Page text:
Friday, November 24, 2023
The View On Pop Culture: Voivod, The Immortal Lee County Killers, 'Life During Wartime' (2003)
Canada’s Voivod has been around for so long that it’s easy for heavy metal fans to overlook these ancient mariners of the genre. Voivod has consistently evolved as a band over the past twenty years, incorporating progressive-rock elements into the band’s unrelenting sonic overkill. The resulting music is often challenging but never dull. During the mid-to-late-‘90s, Voivod hit a creative brick wall and the remaining band members just gave up in 2001.
Sometimes all it takes is a different perspective to put a band back on track, though, and that seems to be the case with The Multiverse (Chophouse Records), Voivod’s “comeback” album. With three-quarters of the original band reuniting for another go at the brass ring, and with former Metallica bassist Jason Newsted helping out, the band sounds re-energized and ready to take on the legion of nu-metal poseurs that have appropriated all or part of the Voivod sound.
The Multiverse offers vocalist Denis “Snake” Belanger’s best set of songs in years, obtuse, imagery-laden lyrics that require your full attention and repeated listening. Guitarist Denis “Piggy” D’Amour shreds the strings with brutal grace and drummer Michel Langevin seems to have found the perfect foil in Newsted, the pair’s explosive rhythms guaranteed to bounce around your skull for a while even after you turn off the stereo. There’s not another band that constructs songs the way that Voivod does, either. Eschewing the ball-peen-hammer-to-your-frontal-lobe method practiced by many metal bands, Voivod manage to blend melody and madness together to create something entirely new. The band throws chunks of classic metal, thrash, industrial noise, psychedelica and hardcore punk into the blender, adds literary influences like Michael Moorcock and J.G. Ballard, and begins slicing-and-dicing.
The Multiverse is rich with dagger-like riffs and nuclear rhythms; Belanger’s gravel-lined vocals perfect for Voivod’s aural assault. “Real Again?” marchs to a martial beat, D’Amour’s stellar guitar work representing the scythe while Newsted’s bass brings the hammer down on your noggin. “I Don’t Wanna Wake Up” sounds like the 13th Floor Elevators on adrenaline and amphetamines while the nightmarish title cut opens with a recurring, echoed guitar that pounds you into submission so that by the time the band kicks in loudly and “Snake” starts howling. you’ve entered a dervish-like trance. “Reactor” burns brighter than a supernova, shimmering guitars stabbing through the mix and punctuating Belanger’s best Johnny Rotten vocalese. With The Multiverse, Voivod returns to show the young pups how it’s done, creating intelligent heavy metal for the discerning fan.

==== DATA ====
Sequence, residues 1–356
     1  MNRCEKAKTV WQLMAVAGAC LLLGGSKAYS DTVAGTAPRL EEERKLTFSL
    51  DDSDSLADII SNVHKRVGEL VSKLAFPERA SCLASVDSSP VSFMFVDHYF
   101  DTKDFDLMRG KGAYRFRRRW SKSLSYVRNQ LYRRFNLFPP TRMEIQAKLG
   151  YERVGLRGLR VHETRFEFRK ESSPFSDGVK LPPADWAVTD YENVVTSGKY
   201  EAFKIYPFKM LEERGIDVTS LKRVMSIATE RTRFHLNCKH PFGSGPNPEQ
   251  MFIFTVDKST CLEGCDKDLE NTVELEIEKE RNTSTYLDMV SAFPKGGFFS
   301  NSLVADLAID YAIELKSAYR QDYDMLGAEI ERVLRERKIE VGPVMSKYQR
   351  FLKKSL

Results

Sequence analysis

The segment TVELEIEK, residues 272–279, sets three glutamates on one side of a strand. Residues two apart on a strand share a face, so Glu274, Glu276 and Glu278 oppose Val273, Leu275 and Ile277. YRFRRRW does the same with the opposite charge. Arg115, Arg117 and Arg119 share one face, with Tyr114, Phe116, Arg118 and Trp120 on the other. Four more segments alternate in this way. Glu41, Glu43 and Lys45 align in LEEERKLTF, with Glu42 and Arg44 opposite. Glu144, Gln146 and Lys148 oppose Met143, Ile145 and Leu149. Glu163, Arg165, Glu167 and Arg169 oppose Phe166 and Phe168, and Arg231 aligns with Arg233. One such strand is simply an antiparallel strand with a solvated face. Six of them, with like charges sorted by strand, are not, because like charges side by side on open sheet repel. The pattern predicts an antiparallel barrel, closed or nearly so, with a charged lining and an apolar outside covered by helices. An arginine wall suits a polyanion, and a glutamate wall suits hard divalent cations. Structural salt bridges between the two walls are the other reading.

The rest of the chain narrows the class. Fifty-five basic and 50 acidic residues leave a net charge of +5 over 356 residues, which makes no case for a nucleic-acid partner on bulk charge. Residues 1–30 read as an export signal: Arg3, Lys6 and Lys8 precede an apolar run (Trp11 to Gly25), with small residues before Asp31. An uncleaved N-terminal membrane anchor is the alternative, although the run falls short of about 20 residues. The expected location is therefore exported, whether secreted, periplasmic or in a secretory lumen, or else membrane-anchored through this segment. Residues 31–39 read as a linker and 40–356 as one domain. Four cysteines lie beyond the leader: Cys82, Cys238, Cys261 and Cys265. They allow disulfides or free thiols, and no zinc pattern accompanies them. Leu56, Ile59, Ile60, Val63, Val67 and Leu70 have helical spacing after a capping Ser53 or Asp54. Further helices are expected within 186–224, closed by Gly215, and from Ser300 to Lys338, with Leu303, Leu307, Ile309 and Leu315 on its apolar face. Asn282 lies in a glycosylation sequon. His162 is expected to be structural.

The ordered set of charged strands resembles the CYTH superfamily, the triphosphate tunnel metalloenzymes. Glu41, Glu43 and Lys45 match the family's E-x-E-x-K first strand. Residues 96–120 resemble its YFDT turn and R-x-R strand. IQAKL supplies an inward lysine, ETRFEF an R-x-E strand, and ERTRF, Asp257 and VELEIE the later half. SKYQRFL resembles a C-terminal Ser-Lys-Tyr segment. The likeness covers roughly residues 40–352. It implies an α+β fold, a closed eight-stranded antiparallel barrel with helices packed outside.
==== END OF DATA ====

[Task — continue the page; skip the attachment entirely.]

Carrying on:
The Immortal Lee County Killers have built their sound upon the Mississippi blues tradition. Smashing together the best of the Delta and Hill Country styles, the Killers have created a literal Frankenstein of the blues that possesses the heart of Howlin’ Wolf, the brain of Willie Dixon and the soul of Son House, the monster haunted by the Johnson’s demons (Robert and Tommy). El Cheetah’s jagged-edge guitar style cuts and bruises like a broken bottle, reinventing songs like R.L. Burnside’s “Going Down South” with haunting vocals and a violent beat while Token’s staccato rhythms drive the title cut, “Love Is A Charm,” towards the insane edge of what society considers “polite.” After the weary “Truth Through Sound” lulls you into an uneasy treaty with the band, the Killers come out with punches flying, the traditional blues number “Rollin’ And Tumblin’” cold-slapping the listener back to cruel reality.
To be honest, neither Voivod nor the Immortal Lee County Killers create what you could call “gentile” music, meant to be purchased, consumed and discarded with yesterday’s trends and fashions. Both bands knock on the door of propriety, breaking through the barriers of what has been and what could be. While Voivod mines the heavy metal vein with its futuristic soundscapes and tone poetry, the Immortal Lee County Killers are possessed by the spirits of a thousand and one bluesmen, the talented duo ignoring critics and purists alike to blaze their own trail across the blues horizon.
LIFE DURING WARTIME
A number of musicians have decided that the best way to protest the war in Iraq is through song, consequences be damned. Of course, none of them are the Dixie Chicks, either – rock ‘n’ roll’s grand tradition of dissent is an accepted facet of the music while Nashville’s fealty to blind patriotism is sorely tried in times of disharmony. Check ‘em out for yourself online, since it’s doubtful that any of these tunes will be released on CD.
The Beastie Boys’ “In A World Gone Mad” is a brief, funky rant with an infectious beat and rapid-fire lyrics. Former Rage Against the Machine frontman Zach de la Rocha, teams with DJ Shadow for the blistering “March of Death,” de la Rocha spitting words like an AK-47 while Shadow drops beats like bombs from the belly of a B-52. Lenny Kravitz’s boisterous “We Want Peace” echoes the Clash’s best work and is available exclusively from the Rock The Vote web site (www.rockthevote.org) while John Mellencamp’s folkish “To Washington” reminds me of Phil Ochs or Pete Seeger. (View From The Hill, February 2003)